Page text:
Maquiladora – Wikipedia

History and Development of Maquiladoras
– Bracero program allowed men with farming experience to work on US farms on a seasonal basis
– Border Industrialization Program (BIP) lowered restrictions and duties on machinery, equipment, and raw materials
– PRONAF improved infrastructure along the US-Mexico border
– Border Industrialization Program aimed to attract foreign investment
– Maquiladora industry grew after the Mexican debt crisis of 1980
– Maquiladora industry rapidly expanded in the 1960s and became Mexico’s second largest source of export income
– Maquiladoras accounted for nearly half of Mexico’s export assembly
– Exports of assembled products tripled between 1995 and 2000
– Maquiladoras accounted for a significant portion of Mexico’s gross domestic product and employment
– Maquiladoras were a major source of income for Mexico, second only to oil

Impact of NAFTA and Globalization
– NAFTA allowed US multinational corporations to produce products cheaply in Northern Mexico
– Maquila employment grew rapidly before and after NAFTA
– Maquiladoras spread from the border to the interior of Mexico
– Rise of other countries with cheap labor posed competition to the maquila industry
– Maquiladora exports accounted for a significant portion of Mexico’s total exports
– Maquiladoras faced competition from low-cost offshore assembly in countries like China and Central America
– Maquiladoras declined since 2000 due to globalization and physical restructuring
– Changes in Mexican wages relative to those in Asia and the US influenced maquiladora growth
– Maquiladoras accounted for 45% of Mexico’s exports in 2006

Working Conditions and Gendered Violence in Maquiladoras
– Minimum wage in Tijuana in 2015 was 70.1 pesos per day or about $0.55 per hour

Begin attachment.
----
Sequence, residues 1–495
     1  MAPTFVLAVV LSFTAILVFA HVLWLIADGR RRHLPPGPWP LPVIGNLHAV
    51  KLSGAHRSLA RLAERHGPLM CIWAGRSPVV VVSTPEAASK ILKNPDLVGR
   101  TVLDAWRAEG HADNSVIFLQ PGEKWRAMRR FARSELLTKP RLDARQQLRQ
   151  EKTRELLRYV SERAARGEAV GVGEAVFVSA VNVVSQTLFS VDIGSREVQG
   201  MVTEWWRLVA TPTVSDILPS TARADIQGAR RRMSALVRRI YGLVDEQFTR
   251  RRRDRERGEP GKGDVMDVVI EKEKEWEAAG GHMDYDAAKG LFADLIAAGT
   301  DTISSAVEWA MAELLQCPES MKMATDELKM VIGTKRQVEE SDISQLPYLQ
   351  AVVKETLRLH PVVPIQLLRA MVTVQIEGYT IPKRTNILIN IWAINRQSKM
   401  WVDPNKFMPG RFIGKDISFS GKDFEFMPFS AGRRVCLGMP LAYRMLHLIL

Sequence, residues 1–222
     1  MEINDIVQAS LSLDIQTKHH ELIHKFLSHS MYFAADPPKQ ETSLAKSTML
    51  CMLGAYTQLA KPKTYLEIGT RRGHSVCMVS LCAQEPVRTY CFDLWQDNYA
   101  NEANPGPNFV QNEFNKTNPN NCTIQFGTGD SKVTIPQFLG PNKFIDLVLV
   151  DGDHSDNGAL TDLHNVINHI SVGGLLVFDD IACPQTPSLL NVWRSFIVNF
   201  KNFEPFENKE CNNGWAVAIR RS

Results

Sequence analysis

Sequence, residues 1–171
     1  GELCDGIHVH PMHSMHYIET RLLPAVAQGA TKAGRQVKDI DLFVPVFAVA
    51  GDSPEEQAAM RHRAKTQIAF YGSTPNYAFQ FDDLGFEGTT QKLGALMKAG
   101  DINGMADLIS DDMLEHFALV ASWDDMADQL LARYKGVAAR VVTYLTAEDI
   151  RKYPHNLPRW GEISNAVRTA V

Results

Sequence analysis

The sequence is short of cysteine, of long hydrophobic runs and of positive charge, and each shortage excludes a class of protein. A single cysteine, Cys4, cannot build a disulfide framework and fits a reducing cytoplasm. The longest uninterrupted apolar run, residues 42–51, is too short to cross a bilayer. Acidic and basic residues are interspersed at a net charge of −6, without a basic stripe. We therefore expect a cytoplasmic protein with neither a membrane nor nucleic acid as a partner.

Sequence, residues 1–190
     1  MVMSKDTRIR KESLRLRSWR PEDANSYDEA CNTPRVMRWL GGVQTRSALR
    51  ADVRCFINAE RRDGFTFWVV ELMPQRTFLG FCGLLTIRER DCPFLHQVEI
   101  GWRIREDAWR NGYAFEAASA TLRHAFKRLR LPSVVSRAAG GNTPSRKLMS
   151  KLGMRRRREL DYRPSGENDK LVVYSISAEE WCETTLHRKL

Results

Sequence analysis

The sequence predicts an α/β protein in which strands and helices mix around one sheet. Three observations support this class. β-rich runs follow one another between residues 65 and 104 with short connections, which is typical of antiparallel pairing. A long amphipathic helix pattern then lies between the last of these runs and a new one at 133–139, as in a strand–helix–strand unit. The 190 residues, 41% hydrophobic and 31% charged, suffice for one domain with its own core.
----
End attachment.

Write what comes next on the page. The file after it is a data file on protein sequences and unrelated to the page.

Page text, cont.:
– Entry-level positions in maquilas paid closer to $2 per hour including bonuses and benefits
– Many families rely on children working at an early age to support the family
– Some workers are given additional responsibilities without higher pay
– Involuntary overtime work without extra compensation
– Women are not allowed to be pregnant while working
– Pregnancy testing is required for female applicants and pregnant workers are given more strenuous tasks
– Sexual harassment by supervisors is common and human resources often provide no help
– Women in maquilas face workplace injuries and hazards

Unionization and Societal Impact
– Many labor unions in maquiladoras are government-supported and not beneficial for workers
– Workers who complain can be fired and blacklisted
– Contracts are often short-term, preventing workers from organizing for their rights
– Independent unions have faced challenges and failed attempts
– Worker protests and demands for independent unions have increased in recent years
– Neoliberalism in the U.S.-Mexico border region is stratified by race, class, and gender
– Racialization of individuals living south of the border reinforces the prosecution of illegal aliens
– Maquiladora workplace is racialized and gendered, putting Mexican women and children at risk
– Violence against women in Ciudad Juárez has been a longstanding issue
– Worker activism has decreased due to violence against women

Environmental Effects and Improvement
– Maquilas are required to provide an environmental impact statement
– Many maquiladoras exceed Mexican waste treatment standards
– The New River, flowing from Mexicali, Mexico, is considered the dirtiest river in America
– Toxic waste from maquila factories has led to negative health outcomes for nearby communities
– Children in Juarez were born with brain defects due to toxic chemicals from factories
– Around 90% of maquiladoras obtained an environmental certification in the early 2000s
– The push for environmental policy improvement was led by the Mexican government
– The EPAs US-Mexico Border 2012 Program aims to address environmental issues along the borderSources: